Greatest nickel empire in the world, Coney Island, took down its shutters last week, daubed Surf avenue, boardwalk and Bowery with two new coats of enamel and hung out a shingle reading, ‘Sweat in Flushing, Swim in Coney,’ ...
16 July 1939, New York (NY) Times, magazine sec., pg. 8, col. 1:
Coney Island, “Amusement Capital of the World,” looks to the Fair for new business, but fears a too thorough streamlining.

Google Books
Volume 106  
Pg. ?:
Nickel Empire
By C. M. Black
Every summer millions of dollars pour into gay, noisy Coney Island, the biggest, gaudiest amusement park in the world, where it’s fun to be fooled and a nickel is money.
Google Books
Sodom by the Sea:
An Affectionate History of Coney Island

By Oliver Pilat and Jo Ranson
Garden City, NY: Doubleday, Doran & Company
Pg. 237:
Chapter VIII Nickel Empire
No Museum of Public Entertainment, however excellent, could quite indicate the difference in Coney Island before and after 1920, when extension of the subway brought the resort within five-cent reach of a metropolis of seven million persons.
28 July 1941, Mason City (IA) Globe-Gazette, “Air Ya Listenin?,” pg. 2, col. 4:
Coney Island
Jo Ranson, radio editor of the Brooklyn Eagle, and Oliver Pilat of the New York Post, talk about “Coney Island, the Nickel Empire,” when they appear Tuesday on the KGLO-CBS show, “America in Transition,” from 1:45 to 1:55 p.m.
Google Books
Good Old Coney Island, a Sentimental Journey Into the Past:
The Most Rambunctious, Scandalous, Rapscallion, Splendiferous, Pugnacious, Spectacular, Illustrious, Prodigious, Frolicsome Island on Earth

By Edo McCullough
New York, NY: Charles Scribner
Pg. 318:
These were the citizens of the nickel empire; and while the attractions at Steeplechase could never be offered them for a nickel there was a danger, unless their attention could somehow be attracted, they might continue so preoccupied with coupling or changing diapers on the beach that they would never realize those attractions were close at hand.
OCLC WorldCat record
The nickel empire : Coney Island and the creation of urban seaside resorts in the United States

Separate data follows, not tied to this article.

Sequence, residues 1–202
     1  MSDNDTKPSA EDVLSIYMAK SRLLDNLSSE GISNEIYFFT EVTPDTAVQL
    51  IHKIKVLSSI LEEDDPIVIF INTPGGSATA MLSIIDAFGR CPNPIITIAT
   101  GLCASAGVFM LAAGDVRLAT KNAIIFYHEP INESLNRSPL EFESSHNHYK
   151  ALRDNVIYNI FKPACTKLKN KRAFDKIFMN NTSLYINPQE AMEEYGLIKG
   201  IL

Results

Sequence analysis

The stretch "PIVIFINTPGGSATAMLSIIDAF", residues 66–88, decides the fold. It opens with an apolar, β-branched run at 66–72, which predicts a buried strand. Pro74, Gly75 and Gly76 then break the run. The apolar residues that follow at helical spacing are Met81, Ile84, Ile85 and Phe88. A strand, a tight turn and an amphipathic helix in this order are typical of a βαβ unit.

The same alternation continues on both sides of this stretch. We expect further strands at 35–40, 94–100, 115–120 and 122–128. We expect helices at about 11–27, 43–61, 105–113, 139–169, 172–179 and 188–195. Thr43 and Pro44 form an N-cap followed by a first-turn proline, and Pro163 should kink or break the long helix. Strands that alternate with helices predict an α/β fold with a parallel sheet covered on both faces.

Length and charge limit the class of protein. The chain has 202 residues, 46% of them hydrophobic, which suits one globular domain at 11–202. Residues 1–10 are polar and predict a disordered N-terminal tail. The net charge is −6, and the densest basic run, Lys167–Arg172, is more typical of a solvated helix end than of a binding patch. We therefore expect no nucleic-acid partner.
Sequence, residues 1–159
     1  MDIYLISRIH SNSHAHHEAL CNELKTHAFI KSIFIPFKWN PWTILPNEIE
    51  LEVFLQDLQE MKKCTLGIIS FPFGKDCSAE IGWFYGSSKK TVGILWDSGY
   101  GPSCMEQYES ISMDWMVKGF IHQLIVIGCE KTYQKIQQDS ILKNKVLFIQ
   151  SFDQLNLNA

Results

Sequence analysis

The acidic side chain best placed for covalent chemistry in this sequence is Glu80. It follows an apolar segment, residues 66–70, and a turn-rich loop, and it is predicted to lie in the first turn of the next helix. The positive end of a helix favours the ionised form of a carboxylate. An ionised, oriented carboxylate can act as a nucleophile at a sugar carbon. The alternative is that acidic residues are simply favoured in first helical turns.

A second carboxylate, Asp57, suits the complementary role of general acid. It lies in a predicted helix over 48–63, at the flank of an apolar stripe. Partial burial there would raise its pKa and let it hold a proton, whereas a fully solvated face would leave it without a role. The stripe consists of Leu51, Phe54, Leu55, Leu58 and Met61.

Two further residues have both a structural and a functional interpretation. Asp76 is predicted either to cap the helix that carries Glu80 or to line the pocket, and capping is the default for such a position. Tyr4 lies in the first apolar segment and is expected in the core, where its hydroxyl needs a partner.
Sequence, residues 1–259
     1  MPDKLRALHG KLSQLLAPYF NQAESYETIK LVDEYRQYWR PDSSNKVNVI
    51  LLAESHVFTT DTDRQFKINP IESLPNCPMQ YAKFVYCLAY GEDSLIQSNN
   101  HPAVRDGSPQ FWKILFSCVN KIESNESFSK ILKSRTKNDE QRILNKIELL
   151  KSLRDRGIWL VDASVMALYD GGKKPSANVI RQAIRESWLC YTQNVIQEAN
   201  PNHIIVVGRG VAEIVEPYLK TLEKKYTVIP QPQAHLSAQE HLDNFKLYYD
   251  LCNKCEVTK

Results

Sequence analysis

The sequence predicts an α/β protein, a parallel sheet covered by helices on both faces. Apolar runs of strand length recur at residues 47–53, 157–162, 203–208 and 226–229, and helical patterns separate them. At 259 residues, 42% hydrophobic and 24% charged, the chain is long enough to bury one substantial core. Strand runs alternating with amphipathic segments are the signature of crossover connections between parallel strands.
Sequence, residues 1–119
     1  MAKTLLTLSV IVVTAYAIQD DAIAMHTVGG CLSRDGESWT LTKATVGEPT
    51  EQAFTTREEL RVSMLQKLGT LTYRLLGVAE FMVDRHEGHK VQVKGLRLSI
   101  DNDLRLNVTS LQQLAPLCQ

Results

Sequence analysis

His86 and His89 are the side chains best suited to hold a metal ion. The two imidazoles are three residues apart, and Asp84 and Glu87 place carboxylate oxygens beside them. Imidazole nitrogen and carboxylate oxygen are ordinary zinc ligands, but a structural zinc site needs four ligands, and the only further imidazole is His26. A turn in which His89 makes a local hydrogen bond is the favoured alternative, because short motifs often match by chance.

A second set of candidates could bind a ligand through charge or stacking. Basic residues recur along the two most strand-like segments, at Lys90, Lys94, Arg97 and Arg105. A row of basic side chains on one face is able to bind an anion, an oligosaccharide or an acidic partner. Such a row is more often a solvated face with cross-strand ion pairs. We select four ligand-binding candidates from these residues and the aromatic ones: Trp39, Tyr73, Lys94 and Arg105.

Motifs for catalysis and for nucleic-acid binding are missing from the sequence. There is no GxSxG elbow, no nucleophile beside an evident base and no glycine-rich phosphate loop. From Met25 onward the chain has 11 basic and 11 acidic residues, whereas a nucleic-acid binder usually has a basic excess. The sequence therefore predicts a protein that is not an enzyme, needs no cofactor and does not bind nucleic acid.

Author: Stephen F Weinstein
Publisher: 1984.
Dissertation: Ph. D. Columbia University 1984
Edition/Format:   Thesis/dissertation : Thesis/dissertation : Manuscript   Archival Material : English
OCLC WorldCat record
How we got to Coney Island : the development of mass transportation in Brooklyn and Kings County
Author: Brian J Cudahy
Publisher: New York : Fordham University Press, 2002.
Edition/Format:   Print book : English
“Coney Island is the most famous seaside resort the world had ever known. Its amusements have been a magical attraction for millions of New Yorkers, and are only an easy subway ride away.” “In this book, Brian J. Cudahy tells a different kind of Coney Island story - about how just getting to its glittering amusements on the far shore of Brooklyn gave birth to the modern transportation network that made modern
7. Subways and the Nickel Empire (1900-1940)—
OCLC WorldCat record
Nickel Empire : a study of Coney Island
Author: Steven F Dansky
Publisher: [New York] : Steven F. Dansky, 2013.
Edition/Format:   Print book : English
Coney Island (The Nickel Empire).
Kindred Souls of Brooklyn
Published on May 4, 2017
A brief overview of Coney Island in Brooklyn.
The Bowery Boys Podcast
From this week’s Coney Island podcast: The 1919 elevated train terminal is an important symbol to Brooklyn’s amusement district. With arrival of the subway here in ‘20, New Yorkers could now get to Coney Island for just 5 cents. The Nickel Empire was born. https://bit.ly/2Le77AO
5:33 PM - 2 Jun 2018